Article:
Analysis: Time to let Santonio Holmes go

Santonio Holmes stands by himself on the sideline during the game against the Dolphins.
MIKE EHRMANN/GETTY IMAGES

In any Greek tragedy, the hero is capable of extraordinary accomplishments and acts of daring bravery. But there is always the proverbial Achilles’ heel — that flaw that can drag the hero to zero. For Santonio Holmes, he is both the reason for his rise and his downfall.

The Jets, a team coming off consecutive AFC Championship Games, were certainly prone to extreme highs and lows. Sunday’s 19-17 loss at the Dolphins to close out a disappointing 8-8 season certainly underscored the tale of two teams.

Needing a win to keep their slim playoff hopes alive, head coach Rex Ryan’s team played flat. It was bad enough that the Jets looked disinterested and disjointed, but what made matters worse was that they went down bickering and fighting.

It got so bad that in the fourth quarter wide receiver Santonio Holmes reportedly picked two fights in the offensive huddle and was benched. The Jets’ $45 million man was ranting, raving and pushing on the field, exhibiting the same signs of immaturity and selfishness that made him expendable in Pittsburgh.

A game breaker who during happier moments last year was nicknamed “Tone Time” for his penchant for late-game, clutch performances, Holmes has been a disappointment since being re-signed in August. He celebrated his long-term contract that day by downing a bottle of Cristal shirtless and posting the photo on Twitter.

Just a handful of days later, he was named a team captain by Ryan.

From this season, it is clear that Holmes isn’t the marquee performer the Jets envisioned when they handed him oodles of money and a five-year deal. Not only did he have the lowest number of receiving yards for his career, Holmes mentally checked out of games where he wasn’t getting fed the ball enough. Coming into Sunday’s game, just 18 of his 51 catches came in the second half.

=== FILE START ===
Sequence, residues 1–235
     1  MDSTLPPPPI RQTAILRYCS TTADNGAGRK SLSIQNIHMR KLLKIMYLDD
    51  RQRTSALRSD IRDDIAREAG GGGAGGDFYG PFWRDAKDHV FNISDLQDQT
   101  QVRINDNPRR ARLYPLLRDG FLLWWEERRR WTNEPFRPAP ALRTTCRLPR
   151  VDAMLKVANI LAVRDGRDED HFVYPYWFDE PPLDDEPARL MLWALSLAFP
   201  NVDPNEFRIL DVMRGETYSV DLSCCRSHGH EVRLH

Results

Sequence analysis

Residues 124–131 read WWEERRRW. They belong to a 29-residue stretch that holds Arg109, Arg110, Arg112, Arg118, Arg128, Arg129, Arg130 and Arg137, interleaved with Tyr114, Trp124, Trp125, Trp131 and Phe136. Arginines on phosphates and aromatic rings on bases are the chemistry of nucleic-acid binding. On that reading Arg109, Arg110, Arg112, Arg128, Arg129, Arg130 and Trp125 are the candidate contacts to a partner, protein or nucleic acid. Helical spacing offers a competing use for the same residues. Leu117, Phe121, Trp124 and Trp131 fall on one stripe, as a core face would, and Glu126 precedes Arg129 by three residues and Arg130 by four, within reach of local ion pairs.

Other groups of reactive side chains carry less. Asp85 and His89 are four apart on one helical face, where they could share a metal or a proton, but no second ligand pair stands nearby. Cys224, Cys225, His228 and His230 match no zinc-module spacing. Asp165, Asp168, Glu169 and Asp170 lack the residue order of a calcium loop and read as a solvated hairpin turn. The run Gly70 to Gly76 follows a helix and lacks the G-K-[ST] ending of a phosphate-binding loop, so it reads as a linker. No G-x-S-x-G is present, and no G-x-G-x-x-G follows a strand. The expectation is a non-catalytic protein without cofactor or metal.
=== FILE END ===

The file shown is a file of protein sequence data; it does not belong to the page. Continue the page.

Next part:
And the temper tantrums, including reportedly going above offensive coordinator Brian Schottenheimer’s head in mid-October to demand more of the ball, doesn’t exactly exhibit the signs of leadership one would expect to see from a captain. He threw his quarterback under the bus on more than one occasion and pouted his way through the season. Oh captain, my captain.

Veteran running back LaDainian Tomlinson said that his teammates in the huddle felt Holmes had quit on them by the fourth quarter.

“Well, I’ll tell you what. It’s tough for guys to follow a captain that kind of behaves in that manner. You a captain, guys looking at you. You got to lead by example,” Tomlinson said. “You got to play your tail off until the last play. And when that doesn’t happen, you will have guys look at you in the way that captains shouldn’t be looked at. You should always put yourself out there as a leader.”

It is bad enough that a player who is fifth highest on the team’s salary cap isn’t helping win games, but now he’s contributing to their losses as well. The Jets took a gamble on Holmes, knowing he was a huge liability. They rode with him through a four-game suspension to start last season with the hopes that he would emerge a more mature, balanced player. That he would grow into a man. His bloated contract was proof-positive of their faith that he had turned a corner.

Instead, he turned his back on them.

He showed on Sunday he is still every bit the child who burned bridges in Pittsburgh. The clock has struck midnight on the future of “Tone Time” with the Jets.

Follow Jets beat writer Kristian Dyer on Twitter @KristianRDyer.



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